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For Week 2 of Deal Me In 2016, I drew the Six of Hearts which corresponds to the short story “The Perfecting of the Chopin Valse No. 14 in E Minor” by Sena Jeter Naslund. The stories in the Hearts section of my Deal Me In list for 2016 are written by authors with a Kentucky (my current home state) connection. This story is included in my copy of Home and Beyond: An Anthology of Kentucky Short Stories edited by Morris Allen Grubbs. According to Grubb’s introduction to this story and Wikipedia, Naslund teaches creative writing at the University of Louisville. Also according to Wikipedia, in 2005, she was named Poet Laureate of Kentucky. My Deal Me In 2016 list can be found here. Deal Me In is sponsored by Jay at Bibliophilopolis.
The story, which is set in Louisville, begins with the narrator listening to her aging mother play Chopin’s Valse No. 14 in E Minor on the piano. She notices that her mother is playing it more perfectly than she has every played it in the past.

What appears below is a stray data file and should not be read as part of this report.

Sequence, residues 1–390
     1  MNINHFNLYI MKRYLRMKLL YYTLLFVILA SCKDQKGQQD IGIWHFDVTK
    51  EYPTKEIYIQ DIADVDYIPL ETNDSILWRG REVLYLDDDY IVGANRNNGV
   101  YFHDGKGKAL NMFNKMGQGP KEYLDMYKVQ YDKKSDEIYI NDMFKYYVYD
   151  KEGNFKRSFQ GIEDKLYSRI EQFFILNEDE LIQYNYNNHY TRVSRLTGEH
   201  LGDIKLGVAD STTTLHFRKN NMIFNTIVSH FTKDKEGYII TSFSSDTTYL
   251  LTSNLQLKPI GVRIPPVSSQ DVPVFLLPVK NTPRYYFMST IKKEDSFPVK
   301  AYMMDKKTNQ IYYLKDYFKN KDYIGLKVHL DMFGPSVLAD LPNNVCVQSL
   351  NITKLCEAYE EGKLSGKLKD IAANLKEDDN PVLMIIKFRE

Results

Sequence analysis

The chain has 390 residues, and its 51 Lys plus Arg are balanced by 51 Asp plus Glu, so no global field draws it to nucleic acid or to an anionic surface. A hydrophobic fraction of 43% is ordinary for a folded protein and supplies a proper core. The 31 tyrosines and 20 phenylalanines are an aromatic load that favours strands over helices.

This sets in motion the events of the story that go from realism to hyper-realism to magical realism. While it’s not spelled out in detail, the reader gets the impression that the narrator is concerned about her mother’s aging.
As the story progresses, the mother performs some other tasks that she would not ordinarily be able to do: moves a rock in the garden (a magical rock, perhaps?), single-handedly throws (including cooking) a huge dinner party for many friends and family that the narrator has not seen in years, and somehow makes the chrysanthemum’s in the garden bloom out of season.
What makes this story unusual is it’s positive and downright happy tone in the face of aging and death. The mother’s interaction with one of her guests – one with a nose like Frederick Chopin’s- is nothing short of delightful. And of course, she plays the piece for the rest of her guests:
I held my breath on and on as each passage of loveliness, the lightest, most gay of sounds, swept past. But where was the pedal touch on the fourth of the repeated notes? Of course it was withheld, withheld till the phrase was introduced for the last time, and then the pedal, a suggestion of poignant prolonging, a soupcon of romantic rubato, a wobble in rhythm, the human touch in the final offering of art. Then it ended.
Naslund also portrays something that I think she intends to be real as opposed to fantasy: the mother and daughter truly enjoy each other.
This alone makes the story refreshing.